Artificial Photosynthesis: Solar-Powered Green Chemistry Rehabilitates CO2
A breakthrough in artificial photosynthesis has been achieved with the development of a hybrid system of semiconducting nanowires and bacteria that can capture carbon dioxide emissions before they are vented into the atmosphere and then, powered by solar energy, convert that carbon dioxide into valuable chemical products, including biodegradable plastics, pharmaceutical drugs and liquid fuels.
The system mimics the natural photosynthetic process by which plants use the energy in sunlight to synthesize carbohydrates from carbon dioxide and water but this artificial photosynthetic system synthesizes the combination of carbon dioxide and water into acetate, the most common building block today for biosynthesis.
By combining biocompatible light-capturing nanowire arrays with select bacterial populations, the new artificial photosynthesis system offers a win/win situation for the environment: solar-powered green chemistry using sequestered carbon dioxide. The system starts with an "artificial forest" of nanowire heterostructures, consisting of silicon and titanium oxide nanowires.
Decommissioning work at the Fukushima Daiichi nuclear power plant has suffered a setback after a robot sent in to a damaged reactor to locate melted fuel stalled hours into its mission and had to be abandoned.
The plant’s operator, Tokyo Electric Power (Tepco), said the robot stopped moving on Friday during its first inspection of the containment vessel inside reactor No 1, one of the three reactors that suffered meltdown after the plant was struck by an earthquake and tsunami in March 2011.
Tepco, which recently conceded that the technology for robots to retrieve the nuclear fuel had yet to be developed, said on Monday it would cut the cables to the stranded robot and postpone a similar inspection using a separate device.
Developed by Hitachi-GE Nuclear Energy and the International Research Institute for Nuclear Decommissioning, the robot was supposed to be able to function for about 10 hours even when exposed to radiation at levels that would cause ordinary electronic devices to malfunction.
The “transformer” robot, which can alter its shape depending on its surroundings, was sent in to photograph the inside of the reactor containment vessel and record temperatures and radiation levels.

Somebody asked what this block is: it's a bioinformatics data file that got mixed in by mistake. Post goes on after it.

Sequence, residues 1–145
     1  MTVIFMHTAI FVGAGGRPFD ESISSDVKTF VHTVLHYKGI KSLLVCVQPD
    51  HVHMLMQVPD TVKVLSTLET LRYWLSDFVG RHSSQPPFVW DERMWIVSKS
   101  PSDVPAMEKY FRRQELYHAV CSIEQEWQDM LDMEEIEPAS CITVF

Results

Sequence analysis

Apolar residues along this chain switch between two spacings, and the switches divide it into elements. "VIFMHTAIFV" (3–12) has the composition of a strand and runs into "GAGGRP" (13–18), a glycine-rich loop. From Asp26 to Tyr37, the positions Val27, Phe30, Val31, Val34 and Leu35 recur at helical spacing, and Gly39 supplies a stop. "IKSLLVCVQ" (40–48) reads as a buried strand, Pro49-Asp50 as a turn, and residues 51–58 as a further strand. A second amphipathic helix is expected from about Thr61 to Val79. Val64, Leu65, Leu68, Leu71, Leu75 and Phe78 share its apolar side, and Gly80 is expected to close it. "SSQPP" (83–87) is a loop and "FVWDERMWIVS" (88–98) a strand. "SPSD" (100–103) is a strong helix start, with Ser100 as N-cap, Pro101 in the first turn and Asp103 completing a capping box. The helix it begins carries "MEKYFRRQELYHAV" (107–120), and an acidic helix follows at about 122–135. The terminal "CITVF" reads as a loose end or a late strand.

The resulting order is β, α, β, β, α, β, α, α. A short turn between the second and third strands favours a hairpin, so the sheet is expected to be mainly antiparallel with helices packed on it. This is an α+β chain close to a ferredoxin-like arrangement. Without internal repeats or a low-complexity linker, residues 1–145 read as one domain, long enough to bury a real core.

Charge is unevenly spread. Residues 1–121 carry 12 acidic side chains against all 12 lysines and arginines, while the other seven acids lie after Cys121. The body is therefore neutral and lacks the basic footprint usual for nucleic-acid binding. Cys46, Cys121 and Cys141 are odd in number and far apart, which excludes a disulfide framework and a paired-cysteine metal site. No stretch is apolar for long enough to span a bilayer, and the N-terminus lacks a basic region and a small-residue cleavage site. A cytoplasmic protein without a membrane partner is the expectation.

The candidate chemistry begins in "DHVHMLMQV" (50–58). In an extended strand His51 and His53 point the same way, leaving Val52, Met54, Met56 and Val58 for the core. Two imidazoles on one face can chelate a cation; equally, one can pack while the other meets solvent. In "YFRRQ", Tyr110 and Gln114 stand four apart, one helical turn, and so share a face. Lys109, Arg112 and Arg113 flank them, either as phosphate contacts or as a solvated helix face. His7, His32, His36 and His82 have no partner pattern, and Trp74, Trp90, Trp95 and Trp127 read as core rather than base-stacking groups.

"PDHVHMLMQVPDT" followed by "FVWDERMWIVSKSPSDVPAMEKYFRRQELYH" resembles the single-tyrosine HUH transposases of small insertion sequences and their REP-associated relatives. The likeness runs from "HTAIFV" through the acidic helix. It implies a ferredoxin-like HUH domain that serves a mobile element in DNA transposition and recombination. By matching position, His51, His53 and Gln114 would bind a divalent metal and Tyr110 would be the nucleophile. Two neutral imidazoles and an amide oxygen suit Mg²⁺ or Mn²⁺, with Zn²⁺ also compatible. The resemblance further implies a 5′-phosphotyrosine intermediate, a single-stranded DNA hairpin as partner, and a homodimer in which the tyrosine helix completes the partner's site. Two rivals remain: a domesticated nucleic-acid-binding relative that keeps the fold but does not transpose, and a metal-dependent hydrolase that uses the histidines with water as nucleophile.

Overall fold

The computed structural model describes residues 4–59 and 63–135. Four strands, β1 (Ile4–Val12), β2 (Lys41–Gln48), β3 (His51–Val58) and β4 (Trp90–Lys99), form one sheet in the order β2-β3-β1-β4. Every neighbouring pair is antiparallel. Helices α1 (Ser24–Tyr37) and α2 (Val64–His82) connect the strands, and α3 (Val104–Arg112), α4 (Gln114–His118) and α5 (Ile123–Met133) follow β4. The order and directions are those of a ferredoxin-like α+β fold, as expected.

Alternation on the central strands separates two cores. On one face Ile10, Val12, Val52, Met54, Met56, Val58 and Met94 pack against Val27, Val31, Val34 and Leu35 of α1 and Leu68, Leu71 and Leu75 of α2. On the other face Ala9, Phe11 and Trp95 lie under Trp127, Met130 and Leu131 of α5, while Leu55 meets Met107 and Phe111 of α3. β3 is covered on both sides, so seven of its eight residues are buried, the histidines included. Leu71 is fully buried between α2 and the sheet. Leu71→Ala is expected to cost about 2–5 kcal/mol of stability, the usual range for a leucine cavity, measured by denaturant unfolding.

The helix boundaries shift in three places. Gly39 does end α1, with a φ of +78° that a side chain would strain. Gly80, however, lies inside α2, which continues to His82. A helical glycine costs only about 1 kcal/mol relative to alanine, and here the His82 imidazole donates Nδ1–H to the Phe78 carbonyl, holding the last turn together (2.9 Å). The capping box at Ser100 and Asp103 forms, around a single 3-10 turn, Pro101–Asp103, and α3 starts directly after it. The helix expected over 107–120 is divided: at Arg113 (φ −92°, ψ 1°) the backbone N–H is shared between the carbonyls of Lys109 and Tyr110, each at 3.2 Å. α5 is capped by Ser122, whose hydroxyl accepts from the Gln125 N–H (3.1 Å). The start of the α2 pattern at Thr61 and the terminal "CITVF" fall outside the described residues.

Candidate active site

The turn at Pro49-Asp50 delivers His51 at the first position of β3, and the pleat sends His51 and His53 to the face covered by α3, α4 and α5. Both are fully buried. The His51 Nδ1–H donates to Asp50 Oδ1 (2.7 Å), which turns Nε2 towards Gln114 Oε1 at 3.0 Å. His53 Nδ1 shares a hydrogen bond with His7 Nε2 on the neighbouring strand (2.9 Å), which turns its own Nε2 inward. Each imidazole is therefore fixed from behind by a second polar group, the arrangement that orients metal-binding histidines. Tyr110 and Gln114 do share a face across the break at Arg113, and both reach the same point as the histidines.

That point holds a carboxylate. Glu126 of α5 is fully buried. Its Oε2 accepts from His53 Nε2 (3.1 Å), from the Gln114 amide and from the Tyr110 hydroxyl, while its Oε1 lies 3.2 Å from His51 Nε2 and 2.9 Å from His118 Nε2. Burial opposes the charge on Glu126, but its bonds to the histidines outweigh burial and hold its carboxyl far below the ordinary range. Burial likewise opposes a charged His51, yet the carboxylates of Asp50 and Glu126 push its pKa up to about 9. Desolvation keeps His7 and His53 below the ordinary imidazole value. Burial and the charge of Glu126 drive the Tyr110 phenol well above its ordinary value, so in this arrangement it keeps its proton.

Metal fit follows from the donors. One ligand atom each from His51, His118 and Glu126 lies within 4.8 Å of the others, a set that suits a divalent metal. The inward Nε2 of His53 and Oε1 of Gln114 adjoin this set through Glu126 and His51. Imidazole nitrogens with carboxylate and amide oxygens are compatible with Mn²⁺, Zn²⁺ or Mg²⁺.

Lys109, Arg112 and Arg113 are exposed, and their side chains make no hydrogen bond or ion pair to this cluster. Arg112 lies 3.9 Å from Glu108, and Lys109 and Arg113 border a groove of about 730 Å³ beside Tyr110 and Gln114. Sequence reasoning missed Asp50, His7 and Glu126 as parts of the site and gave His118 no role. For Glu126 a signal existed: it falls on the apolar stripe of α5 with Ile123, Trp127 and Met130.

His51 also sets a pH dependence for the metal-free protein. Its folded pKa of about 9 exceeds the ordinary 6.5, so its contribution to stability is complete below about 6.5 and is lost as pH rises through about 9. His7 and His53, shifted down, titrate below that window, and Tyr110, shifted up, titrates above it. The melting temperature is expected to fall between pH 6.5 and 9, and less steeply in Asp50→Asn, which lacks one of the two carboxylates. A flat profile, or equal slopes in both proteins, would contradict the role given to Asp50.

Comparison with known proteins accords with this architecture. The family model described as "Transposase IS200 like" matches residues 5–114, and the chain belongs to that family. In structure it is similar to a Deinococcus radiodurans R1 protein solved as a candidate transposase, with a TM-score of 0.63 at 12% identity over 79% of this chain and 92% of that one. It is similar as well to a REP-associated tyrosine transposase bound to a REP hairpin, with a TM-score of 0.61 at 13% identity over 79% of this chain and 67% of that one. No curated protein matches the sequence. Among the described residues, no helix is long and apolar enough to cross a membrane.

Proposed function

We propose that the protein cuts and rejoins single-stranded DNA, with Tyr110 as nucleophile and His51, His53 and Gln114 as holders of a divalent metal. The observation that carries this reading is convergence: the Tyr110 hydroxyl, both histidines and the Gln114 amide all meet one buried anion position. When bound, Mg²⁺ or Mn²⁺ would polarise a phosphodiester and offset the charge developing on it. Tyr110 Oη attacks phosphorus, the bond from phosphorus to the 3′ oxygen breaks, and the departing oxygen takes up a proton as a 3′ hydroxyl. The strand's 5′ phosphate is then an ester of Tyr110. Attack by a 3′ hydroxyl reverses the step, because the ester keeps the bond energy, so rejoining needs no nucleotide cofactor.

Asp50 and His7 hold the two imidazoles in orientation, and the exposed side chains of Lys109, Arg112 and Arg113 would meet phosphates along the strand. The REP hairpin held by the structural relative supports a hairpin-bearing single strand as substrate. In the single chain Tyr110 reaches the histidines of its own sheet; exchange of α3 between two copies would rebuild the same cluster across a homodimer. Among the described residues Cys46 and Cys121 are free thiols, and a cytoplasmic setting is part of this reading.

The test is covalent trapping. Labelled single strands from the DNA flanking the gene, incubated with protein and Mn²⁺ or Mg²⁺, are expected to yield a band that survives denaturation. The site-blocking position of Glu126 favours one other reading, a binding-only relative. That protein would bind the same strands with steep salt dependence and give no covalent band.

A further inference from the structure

More than four years after Fukushima Daiichi suffered the worst nuclear accident since Chernobyl a quarter of a century earlier, radiation levels inside the three reactors are still far too high for humans to enter.
Tepco is pinning its hopes on a new generation of remote-controlled robots, the first of which will monitor the state and location of the melted fuel before others remove it from the reactors’ outer containers.
When somebody points out that China's per capita emissions are lower than ours, I reply, "Yes, but they are growing their per-capita emissions seven times faster than we are as well!"
Perhaps China needs to steal more clean, nuclear technology from the US.
If you were a long term investor in USEC and Silex, you really did lose your shorts! Sorry to hear that.
Going forward, I think GE halting their Silex Plant was kind of a death knell for Silex. I wouldn't be looking to LEU to restore my fortunes any time soon.
The first rule of investing is to diversify. If your funds are limited, you can buy a sector ETF like UPRO which is triple leveraged to the S&P 500. It was up 54% in the past 12 months. Of course, if the market is down this year, UPRO could be down three times as much.
The only thing you need to know about Obamacare is that it will dump trillion$ of taxpayer dollars into healthcare. The triple leveraged healthcare ETF, ticker CURE, is up 122% in the past twelve months. It's up 700% in the past five years.
China this year surpassed the U.S. as the world's largest emitter of greenhouse gases.
Despite the surfeit of smut, the average Chinese citizen is responsible for a fraction of the greenhouse emissions of the average American—and the country is not bound by any international treaty to reduce its emissions. Yet, the government has launched a pilot project to address the problem by capturing and storing the carbon dioxide (CO2) produced by using coal as a fuel for electricity generation at a power plant dubbed GreenGen.
The project in the port city of Tianjin will proceed in three phases. First, a consortium of power and coal companies will fork over funds to construct a so-called integrated gasification combined cycle (IGCC) power plant (in which coal is turned to gas and pollutants removed before burning) that is capable of producing 250 megawatts of electricity. Such technology could cut acid rain–causing sulfur dioxide emissions by more than 90 percent, smog-forming nitrogen oxides by 75 percent, and—ultimately—capture more than 80 percent of the CO2 normally produced by combustion, storing it in nearby depleted oil fields by 2015.
China's $1 billion GreenGen power plant became the world's leading clean coal technology project after the U.S. government in February pulled the plug on FutureGen, a similar program that lost steam as the costs for building the demonstration plant in Mattoon, Ill., skyrocketed. Yet, the U.N. Intergovernmental Panel on Climate Change (IPCC) and leaders of the world's eight richest nations, including President Bush, among others, have called the development of clean coal technology essential to preventing the consequences of climate change.
But completing GreenGen may yet prove a challenge as well. "There's no co-benefit to doing the carbon capture and storage," says energy technology expert Kelly Sims Gallagher of the Harvard Kennedy School of Government.
GE halted production on its Silex plant, but may still be interested in a uranium enrichment plant. GE just raised a buttload of money by selling a bunch of assets.
If Silex doesn't work on a commercial scale, GE can take advantage of LEU's financial problems and pick up the best enrichment technology for pennies-on-the-dollar.
Just speculation. GE is still claiming Silex works just fine...
The United States expanded its lead as the world's largest producer of oil and natural gas last year as output from fracking fields surged, the US Department of Energy reported Tuesday.